But the final challenge is seeing if they can look at a composed function and identify all the t’s where dy/dt=0 — and identify why there are two different types of answer (one where dy/dx=0, and the far more interesting one, where dx/dt=0). Here’s the GeoGebra I have them play around with as an example: https://drive.google.com/file/d/0B2LRBQOFF4pReG5keTNlWV9RNWs/edit?usp=sharing

Thank you for all the interesting posts!

9. Hey Samjshah,
Great post.I like your brilliant idea.Thanks for sharing here.I’ll follow this for my students.Keep updating!!

10. Hello Sam
Doing this without limits is an excellent idea, but have you approached the derivative as a rate, ie how much does y change when x changes a bit?
Using D instead of big or small delta, as this editor appears to be a version of notepad we can write
1 for y = f(g(x)) put y = f(t) and t = g(x)
2 change in y for a change in t is Dy = f ‘(t) * Dt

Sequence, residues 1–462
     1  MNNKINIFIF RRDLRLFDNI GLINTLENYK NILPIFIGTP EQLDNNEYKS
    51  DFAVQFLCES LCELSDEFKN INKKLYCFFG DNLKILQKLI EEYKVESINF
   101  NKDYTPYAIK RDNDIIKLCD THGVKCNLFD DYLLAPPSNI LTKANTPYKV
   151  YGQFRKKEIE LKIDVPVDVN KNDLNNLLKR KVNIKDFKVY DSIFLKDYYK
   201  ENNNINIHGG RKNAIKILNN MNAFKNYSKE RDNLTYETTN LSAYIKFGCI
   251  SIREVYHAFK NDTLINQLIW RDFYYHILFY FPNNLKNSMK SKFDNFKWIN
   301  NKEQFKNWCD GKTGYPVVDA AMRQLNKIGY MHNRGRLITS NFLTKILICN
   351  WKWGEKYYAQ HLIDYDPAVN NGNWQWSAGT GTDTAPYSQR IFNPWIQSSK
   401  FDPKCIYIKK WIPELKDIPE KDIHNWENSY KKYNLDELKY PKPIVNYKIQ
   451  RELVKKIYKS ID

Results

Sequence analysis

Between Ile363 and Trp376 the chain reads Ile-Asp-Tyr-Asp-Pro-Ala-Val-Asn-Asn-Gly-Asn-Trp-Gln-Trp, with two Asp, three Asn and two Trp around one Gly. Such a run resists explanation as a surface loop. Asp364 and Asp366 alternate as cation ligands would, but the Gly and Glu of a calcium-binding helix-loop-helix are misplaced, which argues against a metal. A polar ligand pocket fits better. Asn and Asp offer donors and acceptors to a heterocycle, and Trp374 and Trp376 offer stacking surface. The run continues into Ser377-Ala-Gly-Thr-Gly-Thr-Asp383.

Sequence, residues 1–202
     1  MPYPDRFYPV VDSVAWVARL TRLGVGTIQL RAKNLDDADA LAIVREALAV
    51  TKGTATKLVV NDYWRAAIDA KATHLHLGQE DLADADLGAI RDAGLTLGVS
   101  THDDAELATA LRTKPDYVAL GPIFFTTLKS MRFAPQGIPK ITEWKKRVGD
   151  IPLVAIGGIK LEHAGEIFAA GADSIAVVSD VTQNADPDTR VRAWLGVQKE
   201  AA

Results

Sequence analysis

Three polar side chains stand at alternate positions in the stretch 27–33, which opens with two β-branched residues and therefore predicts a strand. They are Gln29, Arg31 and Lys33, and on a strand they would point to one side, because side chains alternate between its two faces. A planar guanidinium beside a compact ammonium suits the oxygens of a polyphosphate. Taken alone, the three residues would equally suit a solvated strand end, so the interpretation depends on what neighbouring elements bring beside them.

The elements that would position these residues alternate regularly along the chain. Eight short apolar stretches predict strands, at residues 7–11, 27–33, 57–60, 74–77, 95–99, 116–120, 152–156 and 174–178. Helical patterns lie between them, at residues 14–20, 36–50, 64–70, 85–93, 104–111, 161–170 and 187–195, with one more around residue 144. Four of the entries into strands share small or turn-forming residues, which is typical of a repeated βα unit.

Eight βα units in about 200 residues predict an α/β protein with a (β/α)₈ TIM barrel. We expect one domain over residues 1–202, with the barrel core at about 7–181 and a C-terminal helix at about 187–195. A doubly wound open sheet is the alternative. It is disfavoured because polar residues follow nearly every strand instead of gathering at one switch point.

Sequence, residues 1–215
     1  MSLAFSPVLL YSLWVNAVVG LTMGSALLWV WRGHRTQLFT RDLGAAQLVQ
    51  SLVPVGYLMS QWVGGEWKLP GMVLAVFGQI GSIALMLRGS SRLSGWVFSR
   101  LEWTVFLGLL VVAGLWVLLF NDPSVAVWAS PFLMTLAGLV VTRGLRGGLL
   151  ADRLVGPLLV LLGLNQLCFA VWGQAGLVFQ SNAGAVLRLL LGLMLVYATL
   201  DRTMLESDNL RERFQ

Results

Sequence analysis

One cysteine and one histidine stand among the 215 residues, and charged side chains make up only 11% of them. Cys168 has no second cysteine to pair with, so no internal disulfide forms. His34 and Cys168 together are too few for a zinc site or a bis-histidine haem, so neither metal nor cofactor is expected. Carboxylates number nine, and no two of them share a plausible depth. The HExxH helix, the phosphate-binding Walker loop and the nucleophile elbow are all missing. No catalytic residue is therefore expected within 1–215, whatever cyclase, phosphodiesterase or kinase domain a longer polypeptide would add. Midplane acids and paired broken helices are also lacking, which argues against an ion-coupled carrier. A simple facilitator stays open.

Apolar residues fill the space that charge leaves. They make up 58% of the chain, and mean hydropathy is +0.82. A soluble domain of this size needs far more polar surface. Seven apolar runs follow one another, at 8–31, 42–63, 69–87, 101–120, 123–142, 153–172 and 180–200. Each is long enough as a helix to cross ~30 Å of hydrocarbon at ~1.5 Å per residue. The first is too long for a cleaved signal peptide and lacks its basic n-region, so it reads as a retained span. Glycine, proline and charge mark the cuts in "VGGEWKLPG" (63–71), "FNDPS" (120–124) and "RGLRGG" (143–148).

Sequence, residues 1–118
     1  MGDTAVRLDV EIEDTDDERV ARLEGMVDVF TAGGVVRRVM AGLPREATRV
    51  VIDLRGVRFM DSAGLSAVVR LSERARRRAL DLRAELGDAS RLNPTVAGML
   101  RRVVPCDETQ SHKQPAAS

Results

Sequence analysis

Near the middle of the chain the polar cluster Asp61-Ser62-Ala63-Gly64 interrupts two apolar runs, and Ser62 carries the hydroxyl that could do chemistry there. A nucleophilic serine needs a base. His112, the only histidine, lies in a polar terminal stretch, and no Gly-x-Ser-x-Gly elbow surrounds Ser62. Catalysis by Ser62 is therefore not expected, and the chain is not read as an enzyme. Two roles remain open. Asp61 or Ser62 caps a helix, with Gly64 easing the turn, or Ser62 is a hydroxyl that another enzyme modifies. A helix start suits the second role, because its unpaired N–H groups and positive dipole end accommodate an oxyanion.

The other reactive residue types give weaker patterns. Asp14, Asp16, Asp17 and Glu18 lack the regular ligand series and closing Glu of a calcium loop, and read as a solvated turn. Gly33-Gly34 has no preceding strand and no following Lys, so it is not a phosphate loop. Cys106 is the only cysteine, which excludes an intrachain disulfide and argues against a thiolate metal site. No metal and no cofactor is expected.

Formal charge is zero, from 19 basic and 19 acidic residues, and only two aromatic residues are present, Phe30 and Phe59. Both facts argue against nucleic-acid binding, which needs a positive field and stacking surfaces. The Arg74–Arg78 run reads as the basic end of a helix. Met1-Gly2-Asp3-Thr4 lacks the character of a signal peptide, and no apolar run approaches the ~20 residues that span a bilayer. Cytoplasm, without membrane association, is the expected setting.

3 change in t for a change in x is Dt = g ‘(x) * Dx , hence
4 change in y for a change in x is Dy = f ‘(t) * g ‘(x) * Dx, where t = g(x)
This may look a bit symbol burdened, but a diagram should see to that.

Logically the derivative is not the slope of the tangent to the curve, but the slope of the tangent to the curve can be measured by the derivative.
Howard Phillips

11. Hello again
You said you were going to try your approach on the product rule. I don’t think it will work. try the small change in x thing on y = f(x) * g(x) by looking at a rectangle whose sides are of length f(x) and g(x). The function y then describes the area of the rectangle.
Then a small change in x, Dx as above, will increase the f side by f ‘(x) * Dx, giving a change in area of f ‘(x) * Dx * g(x) (a picture is worth a thousand words, and in this case probably worth about 200 symbols), and it will also change the g side by
g ‘(x) * Dx, with a change of area of g ‘(x) * Dx * f(x).
Add them up to get Dy = f ‘(x) * Dx * g(x) + g ‘(x) * Dx * f(x), which gives the standard formula Dy = (f ‘(x) * g(x) + g ‘(x) * f(x)) * Dx

12. Theo A.H. says:

I like showing how the outer function gets scrunched up or flattened out when it takes a fast or slow changing inner function as its argument. That’s how I really get why the chain rule says what it does. I made a video about it: http://youtu.be/bcGOZLL1v4Y

1. Also, I wrote the mathematica code for the graphics demonstration. Would be happy to share it with anyone, just ask.